1. JP Morgan ready to lend 7 bn euros for Monte dei Paschi bad-loan deal: Italian daily

JP Morgan ready to lend 7 bn euros for Monte dei Paschi bad-loan deal: Italian daily

In an unsourced report, Il Messaggero said Monte dei Paschi was expected to sell 26.6 billion euros in bad loans to the vehicle that would finance the purchase by selling bonds backed by the non-performing loans.

By: | Milan | Updated: July 14, 2016 3:45 PM
Italian bank rescue fund Atlante will buy the riskier portion of the new bonds while the senior tranche, worth 7 billion euros, would benefit from a state-backed guarantee that requires 4-6 months to be provided.(Reuters) Italian bank rescue fund Atlante will buy the riskier portion of the new bonds while the senior tranche, worth 7 billion euros, would benefit from a state-backed guarantee that requires 4-6 months to be provided.(Reuters)

US bank JP Morgan is willing to provide 7 billion euros ($7.8 billion) in a bridging loan to a vehicle that would buy bad loans from Italy’s third-largest lender, Monte dei Paschi di Siena, an Italian daily said on Thursday.

In an unsourced report, Il Messaggero said Monte dei Paschi was expected to sell 26.6 billion euros in bad loans to the vehicle that would finance the purchase by selling bonds backed by the non-performing loans.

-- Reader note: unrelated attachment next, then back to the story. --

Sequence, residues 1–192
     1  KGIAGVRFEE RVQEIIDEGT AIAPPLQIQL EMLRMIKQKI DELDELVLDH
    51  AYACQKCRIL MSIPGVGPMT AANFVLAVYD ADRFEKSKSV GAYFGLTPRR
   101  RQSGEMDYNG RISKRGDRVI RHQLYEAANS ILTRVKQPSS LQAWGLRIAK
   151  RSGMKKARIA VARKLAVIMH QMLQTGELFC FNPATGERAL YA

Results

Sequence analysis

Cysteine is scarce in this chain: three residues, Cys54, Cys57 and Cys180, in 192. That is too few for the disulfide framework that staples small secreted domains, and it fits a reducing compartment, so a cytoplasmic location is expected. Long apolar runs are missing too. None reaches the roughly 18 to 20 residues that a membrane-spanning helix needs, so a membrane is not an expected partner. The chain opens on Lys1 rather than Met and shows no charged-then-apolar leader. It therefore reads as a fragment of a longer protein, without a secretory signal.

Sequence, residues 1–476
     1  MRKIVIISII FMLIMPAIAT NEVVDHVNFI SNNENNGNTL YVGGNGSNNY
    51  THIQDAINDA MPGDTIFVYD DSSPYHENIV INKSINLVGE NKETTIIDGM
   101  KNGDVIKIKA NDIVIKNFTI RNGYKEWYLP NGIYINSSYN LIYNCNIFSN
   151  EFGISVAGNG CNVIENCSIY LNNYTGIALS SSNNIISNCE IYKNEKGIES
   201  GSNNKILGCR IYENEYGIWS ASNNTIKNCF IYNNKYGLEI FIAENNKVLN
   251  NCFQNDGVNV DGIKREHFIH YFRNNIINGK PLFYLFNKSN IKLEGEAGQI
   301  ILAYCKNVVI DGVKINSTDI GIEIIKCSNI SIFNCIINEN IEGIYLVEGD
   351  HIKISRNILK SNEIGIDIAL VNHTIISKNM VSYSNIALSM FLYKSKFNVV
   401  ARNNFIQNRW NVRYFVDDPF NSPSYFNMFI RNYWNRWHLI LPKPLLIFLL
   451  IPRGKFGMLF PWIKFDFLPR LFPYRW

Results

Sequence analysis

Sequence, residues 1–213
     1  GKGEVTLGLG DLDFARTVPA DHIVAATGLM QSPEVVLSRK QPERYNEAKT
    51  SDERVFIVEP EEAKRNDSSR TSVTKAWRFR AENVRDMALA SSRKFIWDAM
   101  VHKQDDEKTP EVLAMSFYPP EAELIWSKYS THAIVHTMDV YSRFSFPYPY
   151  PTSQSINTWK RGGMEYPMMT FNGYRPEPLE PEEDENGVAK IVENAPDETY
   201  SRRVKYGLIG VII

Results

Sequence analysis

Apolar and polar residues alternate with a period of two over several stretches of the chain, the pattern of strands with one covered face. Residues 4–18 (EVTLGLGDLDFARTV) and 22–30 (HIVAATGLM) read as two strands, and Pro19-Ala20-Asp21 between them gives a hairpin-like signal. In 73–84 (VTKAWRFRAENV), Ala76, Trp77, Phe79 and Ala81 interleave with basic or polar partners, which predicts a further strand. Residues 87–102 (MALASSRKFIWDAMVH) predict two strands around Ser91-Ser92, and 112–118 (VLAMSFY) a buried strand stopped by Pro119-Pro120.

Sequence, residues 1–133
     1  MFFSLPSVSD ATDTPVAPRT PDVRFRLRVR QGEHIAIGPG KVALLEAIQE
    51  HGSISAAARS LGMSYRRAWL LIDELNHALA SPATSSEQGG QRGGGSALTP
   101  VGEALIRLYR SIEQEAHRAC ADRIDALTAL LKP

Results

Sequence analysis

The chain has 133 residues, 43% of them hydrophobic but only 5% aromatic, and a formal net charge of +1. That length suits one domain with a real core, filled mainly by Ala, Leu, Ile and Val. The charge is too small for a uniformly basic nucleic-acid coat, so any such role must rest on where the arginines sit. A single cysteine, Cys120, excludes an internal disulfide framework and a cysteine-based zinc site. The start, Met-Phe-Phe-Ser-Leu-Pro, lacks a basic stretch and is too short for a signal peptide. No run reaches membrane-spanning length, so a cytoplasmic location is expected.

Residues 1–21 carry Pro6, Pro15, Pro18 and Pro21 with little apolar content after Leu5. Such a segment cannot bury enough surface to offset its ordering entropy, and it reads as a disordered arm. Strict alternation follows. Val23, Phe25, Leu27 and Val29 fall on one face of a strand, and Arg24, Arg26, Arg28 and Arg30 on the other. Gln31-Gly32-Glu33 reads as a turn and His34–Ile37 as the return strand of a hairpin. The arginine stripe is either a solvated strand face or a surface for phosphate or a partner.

Italian bank rescue fund Atlante will buy the riskier portion of the new bonds while the senior tranche, worth 7 billion euros, would benefit from a state-backed guarantee that requires 4-6 months to be provided.

The loan by JP Morgan would allow the transaction to proceed while the issuance of the asset-backed notes is arranged.

JP Morgan had no immediate comment. Monte dei Paschi declined to comment.

Monte dei Paschi shares rose 4.5 percent in morning trade.

Il Messaggero said the loans, which Monte dei Paschi has written down by 63.3 percent, would be sold at a 70 percent discount, leading to a 4 billion euro capital shortfall.

Monte dei Paschi’s advisers, UBS and Citi, have reached out to around 15 international banks that would be willing to consider taking part in a recapitalisation, the paper said.

UBS and Citi could not be immediately reached for comment.

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